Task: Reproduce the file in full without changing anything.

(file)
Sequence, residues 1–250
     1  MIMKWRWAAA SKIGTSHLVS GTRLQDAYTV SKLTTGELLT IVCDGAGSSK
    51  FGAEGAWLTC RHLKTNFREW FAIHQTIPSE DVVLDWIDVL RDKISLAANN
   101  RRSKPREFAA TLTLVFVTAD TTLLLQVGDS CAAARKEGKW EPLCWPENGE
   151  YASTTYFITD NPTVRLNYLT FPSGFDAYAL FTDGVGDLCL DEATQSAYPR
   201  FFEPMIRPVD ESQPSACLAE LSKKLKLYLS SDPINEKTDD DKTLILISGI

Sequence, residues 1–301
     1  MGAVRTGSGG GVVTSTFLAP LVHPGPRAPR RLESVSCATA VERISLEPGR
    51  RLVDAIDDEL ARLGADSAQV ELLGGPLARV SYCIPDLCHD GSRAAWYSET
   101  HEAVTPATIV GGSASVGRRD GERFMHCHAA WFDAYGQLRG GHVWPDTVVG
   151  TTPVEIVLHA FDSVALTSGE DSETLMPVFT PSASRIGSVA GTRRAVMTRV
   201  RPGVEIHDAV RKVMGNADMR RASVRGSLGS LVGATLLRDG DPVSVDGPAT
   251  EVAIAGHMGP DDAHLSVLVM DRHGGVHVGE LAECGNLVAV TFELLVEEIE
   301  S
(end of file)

Sequence, residues 1–250
     1  MIMKWRWAAA SKIGTSHLVS GTRLQDAYTV SKLTTGELLT IVCDGAGSSK
    51  FGAEGAWLTC RHLKTNFREW FAIHQTIPSE DVVLDWIDVL RDKISLAANN
   101  RRSKPREFAA TLTLVFVTAD TTLLLQVGDS CAAARKEGKW EPLCWPENGE
   151  YASTTYFITD NPTVRLNYLT FPSGFDAYAL FTDGVGDLCL DEATQSAYPR
   201  FFEPMIRPVD ESQPSACLAE LSKKLKLYLS SDPINEKTDD DKTLILISGI

Sequence, residues 1–301
     1  MGAVRTGSGG GVVTSTFLAP LVHPGPRAPR RLESVSCATA VERISLEPGR
    51  RLVDAIDDEL ARLGADSAQV ELLGGPLARV SYCIPDLCHD GSRAAWYSET
   101  HEAVTPATIV GGSASVGRRD GERFMHCHAA WFDAYGQLRG GHVWPDTVVG
   151  TTPVEIVLHA FDSVALTSGE DSETLMPVFT PSASRIGSVA GTRRAVMTRV
   201  RPGVEIHDAV RKVMGNADMR RASVRGSLGS LVGATLLRDG DPVSVDGPAT
   251  EVAIAGHMGP DDAHLSVLVM DRHGGVHVGE LAECGNLVAV TFELLVEEIE
   301  S